Remainers and leavers, republicans and democrats, older and younger, cosmopolitan and patriot, Muslim and non-Muslim, comfortable and left-behind, them and us, ingroup and outgroup, self and other.
All these binaries, all this dualism, these polarisations.
So much either/or thinking, so little both/and.
So much zero-sum, so little win-win.
Trolling, snarling, impatience, mockery, curses, rudeness.
What are the causes and exacerbating factors? What are the opposites, the alternatives? What constructive ways ahead are worth considering?
Three papers posted on the Insted website contain readings, weblinks and video clips on these questions, most of them dating from 2018. Most are from the UK but quite a few are from the United States or elsewhere.
The first paper is entitled Brexiting Britain in Troubling Times: reflections and resources. Its authors and characters include a historian, a rabbi, several journalists, a political theorist, social psychologists, members of parliament, teachers, various researchers and observers, several activists and campaigners, a poet, an orchestra, and a choral society.
The links and thoughts are clustered under 12 headings:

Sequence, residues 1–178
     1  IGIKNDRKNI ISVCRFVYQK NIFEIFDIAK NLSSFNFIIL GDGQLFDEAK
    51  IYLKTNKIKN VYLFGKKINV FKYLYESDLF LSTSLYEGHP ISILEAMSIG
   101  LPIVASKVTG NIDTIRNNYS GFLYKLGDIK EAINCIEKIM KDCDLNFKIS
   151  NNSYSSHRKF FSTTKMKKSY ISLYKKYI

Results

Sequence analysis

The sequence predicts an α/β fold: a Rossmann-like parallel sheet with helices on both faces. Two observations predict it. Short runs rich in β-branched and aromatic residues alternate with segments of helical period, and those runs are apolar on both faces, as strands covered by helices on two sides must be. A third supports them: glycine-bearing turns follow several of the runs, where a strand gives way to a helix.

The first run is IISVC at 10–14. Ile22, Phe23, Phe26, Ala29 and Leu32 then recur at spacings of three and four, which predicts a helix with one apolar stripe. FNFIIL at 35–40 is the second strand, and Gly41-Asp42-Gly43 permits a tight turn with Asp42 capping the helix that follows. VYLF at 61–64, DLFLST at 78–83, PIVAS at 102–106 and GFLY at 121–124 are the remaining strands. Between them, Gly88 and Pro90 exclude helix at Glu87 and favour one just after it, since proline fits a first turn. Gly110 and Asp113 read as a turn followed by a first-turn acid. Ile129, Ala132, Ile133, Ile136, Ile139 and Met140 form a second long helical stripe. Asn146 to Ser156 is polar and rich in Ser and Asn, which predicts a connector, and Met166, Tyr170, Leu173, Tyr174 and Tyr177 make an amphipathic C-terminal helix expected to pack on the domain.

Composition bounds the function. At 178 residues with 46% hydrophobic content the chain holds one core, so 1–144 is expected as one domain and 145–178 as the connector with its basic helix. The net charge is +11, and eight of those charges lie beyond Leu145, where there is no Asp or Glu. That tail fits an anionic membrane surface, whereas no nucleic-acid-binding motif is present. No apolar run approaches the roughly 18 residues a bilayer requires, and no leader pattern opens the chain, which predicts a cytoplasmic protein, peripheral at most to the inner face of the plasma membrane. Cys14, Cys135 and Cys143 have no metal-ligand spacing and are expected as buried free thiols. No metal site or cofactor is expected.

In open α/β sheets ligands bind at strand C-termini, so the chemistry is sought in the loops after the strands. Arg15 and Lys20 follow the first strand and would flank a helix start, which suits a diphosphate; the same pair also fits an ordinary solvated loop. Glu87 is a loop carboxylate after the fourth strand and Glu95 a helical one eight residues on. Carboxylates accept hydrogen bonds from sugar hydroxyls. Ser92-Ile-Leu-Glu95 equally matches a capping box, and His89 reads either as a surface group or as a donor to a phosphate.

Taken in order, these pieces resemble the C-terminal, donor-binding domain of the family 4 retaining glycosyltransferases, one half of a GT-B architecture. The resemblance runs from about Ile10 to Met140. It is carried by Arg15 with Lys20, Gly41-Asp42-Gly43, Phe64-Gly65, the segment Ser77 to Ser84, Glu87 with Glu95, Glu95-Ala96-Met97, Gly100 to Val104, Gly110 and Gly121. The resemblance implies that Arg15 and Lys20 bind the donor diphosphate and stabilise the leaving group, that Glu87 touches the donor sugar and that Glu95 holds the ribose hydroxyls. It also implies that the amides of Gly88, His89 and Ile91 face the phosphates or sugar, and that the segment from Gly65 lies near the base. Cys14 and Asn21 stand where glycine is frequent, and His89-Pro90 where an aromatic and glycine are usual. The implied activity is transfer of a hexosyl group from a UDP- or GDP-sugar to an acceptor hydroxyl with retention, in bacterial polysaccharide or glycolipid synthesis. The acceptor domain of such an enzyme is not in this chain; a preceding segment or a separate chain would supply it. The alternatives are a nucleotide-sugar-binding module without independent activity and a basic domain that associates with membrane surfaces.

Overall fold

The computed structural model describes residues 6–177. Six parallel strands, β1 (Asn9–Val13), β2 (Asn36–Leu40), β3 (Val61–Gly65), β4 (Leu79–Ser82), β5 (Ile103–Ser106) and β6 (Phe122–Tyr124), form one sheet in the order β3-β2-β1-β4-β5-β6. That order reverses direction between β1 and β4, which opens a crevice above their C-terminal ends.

1) What we human beings get up to
2) The two Englands
3) Hate in the media
4) The current demeaned other
5) The denial of death
6) Wot u lookin @?
7) New positive narratives
8) Faith in us
9) Democratic renewal
10) Repairing our humanity
11) More in common
12) Joy in the public square
The second paper is entitled Post-Brexit Counselling in Middle England: notes for a programme. It contains thoughts and concerns arising from an episode in Jonathan Coe’s wonderful new novel Middle England, published in autumn 2018.
The third is a bibliography about Brexit. It is entitled Brexit Tales and contains about 40 items. Some of these are books but most are weblinks to articles published in the last 12 months. Most of the books and articles are more, or much more, sympathetic to Remain than to Leave. But a high proportion are at the same time challenging and critical regarding the ways the Remain case has all too often been advanced.